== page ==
How I Learned to Stop Worrying and Love Twitter

    That kind of self-induced pressure can wear a girl down, and so for years I hated Twitter, the service that’s been suggested as a Nobel Peace Prize nominee and credited with everything from aiding the Green Revolution to rescuing an injured woman lost in the woods. I’m no social media Luddite, but I didn’t see a program that toppled regimes. I saw lots of people who love Justin Bieber too much.
    Thankfully, I had Malcolm Gladwell on my side, in the guise of his much-discussed article “Why the Revolution Will Not Be Tweeted.” Gladwell argues that activism of the revolution-rabbling, Arab Spring kind — in other words, real change —  is high-risk and depends on networks of strong ties  (your real friends). Sure, your Twitter followers will keep an eye out for your stolen iPhone, but they won’t be flanking you in front of a police squad.

    Initially, this seemed about right. But after spending a summer in Beijing, a few conversations with my language tutor made me realize that in other countries, Twitter-like services are more than their current trending topic (which, are, last time I checked, Latin Girl in Brazil and Demi Made Us Strong.)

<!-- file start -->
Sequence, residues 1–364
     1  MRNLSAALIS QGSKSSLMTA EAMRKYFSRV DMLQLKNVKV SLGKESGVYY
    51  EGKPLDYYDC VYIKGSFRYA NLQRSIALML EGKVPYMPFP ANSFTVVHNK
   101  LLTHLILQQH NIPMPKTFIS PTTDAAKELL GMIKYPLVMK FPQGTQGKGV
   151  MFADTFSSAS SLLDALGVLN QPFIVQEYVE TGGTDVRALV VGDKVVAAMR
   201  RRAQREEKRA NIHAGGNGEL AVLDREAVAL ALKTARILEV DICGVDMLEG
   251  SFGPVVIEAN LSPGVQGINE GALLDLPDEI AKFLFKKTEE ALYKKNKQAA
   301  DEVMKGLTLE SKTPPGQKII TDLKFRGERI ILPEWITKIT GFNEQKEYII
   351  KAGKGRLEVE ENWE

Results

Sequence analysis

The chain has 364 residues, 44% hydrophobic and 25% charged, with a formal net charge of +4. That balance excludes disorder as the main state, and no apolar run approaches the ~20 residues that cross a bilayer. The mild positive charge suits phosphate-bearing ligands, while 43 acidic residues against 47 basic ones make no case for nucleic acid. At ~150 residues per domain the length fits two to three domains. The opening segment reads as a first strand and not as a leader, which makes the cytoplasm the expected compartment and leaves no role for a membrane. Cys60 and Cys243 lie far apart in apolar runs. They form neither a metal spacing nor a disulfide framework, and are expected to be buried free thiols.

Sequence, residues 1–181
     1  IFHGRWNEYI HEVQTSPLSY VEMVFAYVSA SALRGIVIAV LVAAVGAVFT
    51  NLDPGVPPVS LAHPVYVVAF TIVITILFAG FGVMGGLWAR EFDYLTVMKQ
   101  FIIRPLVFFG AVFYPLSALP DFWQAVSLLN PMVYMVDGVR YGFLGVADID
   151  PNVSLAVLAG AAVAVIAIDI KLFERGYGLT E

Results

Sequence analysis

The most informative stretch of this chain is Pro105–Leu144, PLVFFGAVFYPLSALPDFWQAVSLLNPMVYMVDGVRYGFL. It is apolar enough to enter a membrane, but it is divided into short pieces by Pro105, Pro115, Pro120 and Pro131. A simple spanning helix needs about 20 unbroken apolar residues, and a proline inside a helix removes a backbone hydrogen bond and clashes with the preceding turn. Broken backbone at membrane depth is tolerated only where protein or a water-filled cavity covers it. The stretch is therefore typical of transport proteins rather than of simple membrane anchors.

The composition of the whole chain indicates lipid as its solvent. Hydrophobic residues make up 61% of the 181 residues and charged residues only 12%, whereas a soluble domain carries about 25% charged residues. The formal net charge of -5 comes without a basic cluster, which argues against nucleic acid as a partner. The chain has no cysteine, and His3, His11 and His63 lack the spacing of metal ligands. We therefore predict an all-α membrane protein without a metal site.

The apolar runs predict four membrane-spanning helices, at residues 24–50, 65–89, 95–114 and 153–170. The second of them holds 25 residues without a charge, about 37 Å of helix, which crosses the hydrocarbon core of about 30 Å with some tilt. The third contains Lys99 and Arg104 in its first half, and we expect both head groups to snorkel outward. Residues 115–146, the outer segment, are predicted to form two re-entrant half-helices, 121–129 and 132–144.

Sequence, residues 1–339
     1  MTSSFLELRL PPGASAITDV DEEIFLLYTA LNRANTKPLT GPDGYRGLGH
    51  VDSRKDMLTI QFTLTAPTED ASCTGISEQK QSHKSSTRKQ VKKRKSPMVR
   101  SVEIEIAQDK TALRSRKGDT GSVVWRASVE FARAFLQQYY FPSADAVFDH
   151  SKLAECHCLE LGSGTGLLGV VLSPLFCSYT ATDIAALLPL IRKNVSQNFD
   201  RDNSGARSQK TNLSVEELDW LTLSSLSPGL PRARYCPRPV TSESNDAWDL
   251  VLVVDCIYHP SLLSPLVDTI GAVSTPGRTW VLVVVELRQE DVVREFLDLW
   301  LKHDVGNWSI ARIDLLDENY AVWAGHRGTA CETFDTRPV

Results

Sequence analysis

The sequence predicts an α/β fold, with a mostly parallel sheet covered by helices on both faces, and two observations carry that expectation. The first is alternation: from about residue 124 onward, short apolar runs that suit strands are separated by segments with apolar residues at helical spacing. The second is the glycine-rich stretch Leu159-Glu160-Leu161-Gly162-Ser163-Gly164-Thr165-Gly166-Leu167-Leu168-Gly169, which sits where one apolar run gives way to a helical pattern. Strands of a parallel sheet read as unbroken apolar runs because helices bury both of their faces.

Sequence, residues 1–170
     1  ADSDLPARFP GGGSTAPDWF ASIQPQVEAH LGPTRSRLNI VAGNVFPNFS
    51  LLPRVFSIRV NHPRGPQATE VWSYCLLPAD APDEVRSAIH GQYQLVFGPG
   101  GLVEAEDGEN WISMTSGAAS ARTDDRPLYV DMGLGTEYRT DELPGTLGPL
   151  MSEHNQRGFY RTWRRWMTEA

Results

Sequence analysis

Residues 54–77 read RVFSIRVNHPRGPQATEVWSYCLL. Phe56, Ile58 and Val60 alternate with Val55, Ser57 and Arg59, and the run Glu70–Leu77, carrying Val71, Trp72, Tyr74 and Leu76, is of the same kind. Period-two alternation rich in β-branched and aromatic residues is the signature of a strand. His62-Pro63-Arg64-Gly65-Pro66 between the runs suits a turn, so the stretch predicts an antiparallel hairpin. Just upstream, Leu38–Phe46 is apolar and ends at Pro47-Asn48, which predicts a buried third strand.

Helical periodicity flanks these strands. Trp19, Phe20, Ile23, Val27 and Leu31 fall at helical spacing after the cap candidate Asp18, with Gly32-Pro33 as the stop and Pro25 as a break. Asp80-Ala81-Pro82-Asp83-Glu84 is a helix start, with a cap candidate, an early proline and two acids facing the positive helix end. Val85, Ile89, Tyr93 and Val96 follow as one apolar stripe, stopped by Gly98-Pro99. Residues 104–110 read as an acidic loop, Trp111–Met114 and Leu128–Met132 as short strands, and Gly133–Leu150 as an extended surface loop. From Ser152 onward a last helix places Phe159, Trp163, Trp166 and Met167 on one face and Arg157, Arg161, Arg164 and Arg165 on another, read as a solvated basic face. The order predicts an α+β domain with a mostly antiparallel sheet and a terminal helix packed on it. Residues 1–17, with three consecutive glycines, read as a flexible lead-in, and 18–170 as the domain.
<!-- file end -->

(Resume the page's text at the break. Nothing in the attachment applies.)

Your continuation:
Since Twitter is accessible only by proxy in China, there’s Weibo, which, my tutor said, is the real news source. In a country where the media is state-controlled and a woman was arrested for tweeting “Change, angry youth!,” eyewitnesses use Weibo to spread the word about everything that won’t be covered in the mainstream media. When Liu Xiaobo won the Nobel Prize against the wishes of the Chinese government, all variations of his name were blocked by the censors. The Chinese turned to Twitter. In the U.S., citizens mostly leave the reporting to the papers, but in China, Twitter-like services help take the place of our free press.

    Back in America, the service has been used to inaugurate a new kind of cyberactivism. Last year, feminist Sady Doyle launched a Twitter protest in response to director  Michael Moore’s comments blaming the rape victim in the case of WikiLeaks founder Julian Assange’s extradition. Doyle and her followers bombarded Moore with tweets, calling for him to retract his statement. She was harassed, her personal information made public and even stalked — but Moore listened, and he responded.
     
    Digital evangelists heralding Twitter as a dictator-killer aren’t all correct, but neither are the people (read: myself) who hate Twitter mostly because they’re not so great at using it. Gladwell may be right that Twitter didn’t directly drive protesters to the streets of Cairo’s Tahrir Square, but as a new mode of communication, it could create a domino effect that may, eventually, turn to the real change he is so skeptical of seeing.

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